However, whatever the main villain lacks, his henchmen make up for. Or, should I say, henchdogs. He literally has hundreds of dogs attending to his every need, including preparing dinner (and promptly eating said dinner if one’s food isn’t guarded). Most of them are just Storm Trooper-esque baddies (i.e., are just there to hinder the protagonists and don’t offer distinct personalities). But one of the dogs, Dug, is my favorite character in the film, which is ironic because all he can do is talk in simple phrases with the aid of an English translation collar, so you wouldn’t think there would be much to him. But I like his eternally cheerful demeanor when contrasted with the grouchy Carl, and it’s amazing how the animators closely mimicked the way a real dog would act for Dug’s performance. He’s adorable. And of course, Dug is the only dog in the villain’s pack to refuse to follow orders. I also liked the main villain dog, appropriately named Alpha, who speaks with a high pitched, squeaky voice because his collar is on the wrong setting. Good twist of the formula there. When I heard it the first time in theaters, I burst out laughing because of how unexpected it was.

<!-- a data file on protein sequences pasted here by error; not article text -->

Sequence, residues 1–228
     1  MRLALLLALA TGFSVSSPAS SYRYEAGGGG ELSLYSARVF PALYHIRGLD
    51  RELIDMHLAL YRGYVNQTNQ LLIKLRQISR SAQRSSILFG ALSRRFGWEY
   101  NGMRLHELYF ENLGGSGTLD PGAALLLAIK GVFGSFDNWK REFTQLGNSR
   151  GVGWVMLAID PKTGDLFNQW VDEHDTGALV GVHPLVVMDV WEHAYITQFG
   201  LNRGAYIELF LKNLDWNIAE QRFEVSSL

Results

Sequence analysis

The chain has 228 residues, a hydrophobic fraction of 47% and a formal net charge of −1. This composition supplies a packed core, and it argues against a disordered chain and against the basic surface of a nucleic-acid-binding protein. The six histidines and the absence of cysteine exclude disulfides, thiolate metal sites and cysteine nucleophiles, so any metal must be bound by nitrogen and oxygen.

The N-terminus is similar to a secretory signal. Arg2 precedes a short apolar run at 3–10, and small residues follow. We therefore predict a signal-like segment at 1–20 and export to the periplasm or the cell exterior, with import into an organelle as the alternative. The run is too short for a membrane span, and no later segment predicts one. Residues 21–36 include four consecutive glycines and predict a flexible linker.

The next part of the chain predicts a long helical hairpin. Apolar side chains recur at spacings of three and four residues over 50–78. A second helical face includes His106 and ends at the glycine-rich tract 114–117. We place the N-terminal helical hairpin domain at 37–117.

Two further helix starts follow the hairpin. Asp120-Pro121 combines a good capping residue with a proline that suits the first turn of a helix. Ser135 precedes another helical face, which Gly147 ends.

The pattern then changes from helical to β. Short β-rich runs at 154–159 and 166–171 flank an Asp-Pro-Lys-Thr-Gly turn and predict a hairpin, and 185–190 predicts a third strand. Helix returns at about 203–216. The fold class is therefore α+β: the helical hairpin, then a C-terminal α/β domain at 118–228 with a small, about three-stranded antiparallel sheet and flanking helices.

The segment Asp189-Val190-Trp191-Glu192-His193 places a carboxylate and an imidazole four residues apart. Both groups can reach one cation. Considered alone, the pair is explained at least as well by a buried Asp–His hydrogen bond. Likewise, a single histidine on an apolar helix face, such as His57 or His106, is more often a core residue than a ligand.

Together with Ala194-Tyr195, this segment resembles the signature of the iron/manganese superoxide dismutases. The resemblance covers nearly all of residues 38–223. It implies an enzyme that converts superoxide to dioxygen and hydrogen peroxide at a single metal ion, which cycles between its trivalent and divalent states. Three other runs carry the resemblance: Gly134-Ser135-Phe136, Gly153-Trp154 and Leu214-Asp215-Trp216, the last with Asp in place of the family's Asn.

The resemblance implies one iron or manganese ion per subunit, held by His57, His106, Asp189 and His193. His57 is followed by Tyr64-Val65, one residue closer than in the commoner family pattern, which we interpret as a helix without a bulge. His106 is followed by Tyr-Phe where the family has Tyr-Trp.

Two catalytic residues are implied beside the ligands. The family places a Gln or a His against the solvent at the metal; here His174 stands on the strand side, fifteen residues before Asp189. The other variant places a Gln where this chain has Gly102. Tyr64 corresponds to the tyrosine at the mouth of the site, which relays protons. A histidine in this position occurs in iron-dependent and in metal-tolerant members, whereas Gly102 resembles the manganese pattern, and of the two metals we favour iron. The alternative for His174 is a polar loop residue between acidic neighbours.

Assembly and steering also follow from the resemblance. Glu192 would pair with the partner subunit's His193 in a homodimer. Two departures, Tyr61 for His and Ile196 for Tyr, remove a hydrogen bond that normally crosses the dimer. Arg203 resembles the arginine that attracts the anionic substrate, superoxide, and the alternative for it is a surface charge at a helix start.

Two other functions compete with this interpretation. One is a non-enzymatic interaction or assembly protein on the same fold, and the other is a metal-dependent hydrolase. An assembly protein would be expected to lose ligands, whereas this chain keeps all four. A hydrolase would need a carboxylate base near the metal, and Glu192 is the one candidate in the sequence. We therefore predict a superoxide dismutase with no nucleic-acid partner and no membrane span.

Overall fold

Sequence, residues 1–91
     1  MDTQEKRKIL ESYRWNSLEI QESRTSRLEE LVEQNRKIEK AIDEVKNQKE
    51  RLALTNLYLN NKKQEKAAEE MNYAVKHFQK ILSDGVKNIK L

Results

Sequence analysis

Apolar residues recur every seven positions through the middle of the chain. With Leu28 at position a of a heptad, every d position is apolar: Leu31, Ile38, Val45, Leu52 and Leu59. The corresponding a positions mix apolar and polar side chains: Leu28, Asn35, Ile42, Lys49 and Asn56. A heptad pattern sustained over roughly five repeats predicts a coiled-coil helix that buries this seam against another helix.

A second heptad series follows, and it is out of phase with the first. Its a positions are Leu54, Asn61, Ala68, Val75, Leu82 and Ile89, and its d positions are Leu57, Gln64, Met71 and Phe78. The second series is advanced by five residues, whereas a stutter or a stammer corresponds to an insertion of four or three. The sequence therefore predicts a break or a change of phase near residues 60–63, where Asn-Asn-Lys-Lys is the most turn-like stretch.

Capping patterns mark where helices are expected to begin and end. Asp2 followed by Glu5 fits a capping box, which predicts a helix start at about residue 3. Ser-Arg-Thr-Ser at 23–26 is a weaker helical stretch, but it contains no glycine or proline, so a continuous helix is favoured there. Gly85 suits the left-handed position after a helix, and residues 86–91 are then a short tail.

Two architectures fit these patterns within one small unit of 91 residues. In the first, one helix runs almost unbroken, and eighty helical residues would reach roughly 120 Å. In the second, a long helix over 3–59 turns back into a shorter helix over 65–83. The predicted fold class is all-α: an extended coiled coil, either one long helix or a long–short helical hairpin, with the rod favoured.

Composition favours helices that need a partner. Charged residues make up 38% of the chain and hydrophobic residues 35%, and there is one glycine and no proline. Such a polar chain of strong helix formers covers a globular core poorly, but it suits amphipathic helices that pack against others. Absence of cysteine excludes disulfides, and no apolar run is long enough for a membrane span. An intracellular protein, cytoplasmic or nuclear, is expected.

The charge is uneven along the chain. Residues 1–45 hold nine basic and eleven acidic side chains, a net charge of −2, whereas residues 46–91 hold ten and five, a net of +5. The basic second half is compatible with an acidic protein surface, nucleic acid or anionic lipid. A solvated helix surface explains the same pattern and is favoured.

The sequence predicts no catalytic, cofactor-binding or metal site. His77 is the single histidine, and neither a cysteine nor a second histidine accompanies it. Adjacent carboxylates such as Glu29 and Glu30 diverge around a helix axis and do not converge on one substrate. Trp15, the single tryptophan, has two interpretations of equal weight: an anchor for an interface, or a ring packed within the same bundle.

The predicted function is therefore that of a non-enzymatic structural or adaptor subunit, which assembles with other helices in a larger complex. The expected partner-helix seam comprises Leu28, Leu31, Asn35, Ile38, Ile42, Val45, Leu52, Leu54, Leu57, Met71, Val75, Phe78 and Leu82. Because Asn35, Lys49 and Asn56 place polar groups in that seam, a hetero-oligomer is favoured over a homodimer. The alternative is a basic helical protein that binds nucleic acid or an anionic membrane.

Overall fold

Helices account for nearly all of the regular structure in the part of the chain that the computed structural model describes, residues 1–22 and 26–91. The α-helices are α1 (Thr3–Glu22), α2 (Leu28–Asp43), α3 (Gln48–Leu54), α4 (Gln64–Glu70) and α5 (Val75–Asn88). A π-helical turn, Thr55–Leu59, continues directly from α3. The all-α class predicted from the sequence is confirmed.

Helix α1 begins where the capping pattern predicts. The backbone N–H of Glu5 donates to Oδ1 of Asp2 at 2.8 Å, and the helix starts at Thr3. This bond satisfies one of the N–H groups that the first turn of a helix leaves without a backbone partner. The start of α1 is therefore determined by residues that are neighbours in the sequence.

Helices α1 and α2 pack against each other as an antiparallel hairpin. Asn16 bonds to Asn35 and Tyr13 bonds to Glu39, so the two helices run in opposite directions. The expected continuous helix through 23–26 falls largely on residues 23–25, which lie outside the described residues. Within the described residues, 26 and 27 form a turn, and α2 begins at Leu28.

The climax is also done well, taking place on a blimp. It’s not often you see such a setting for a final battle, but they pulled it off nicely. It goes without saying, but being high up only increases the tension. Still, without giving anything away, I have to say that I thought the ending with Carl and Russell was a bit head-scratching, like they didn’t wrap up a loose end when it came to Russell’s family. When you see it, you may understand what I’m talking about.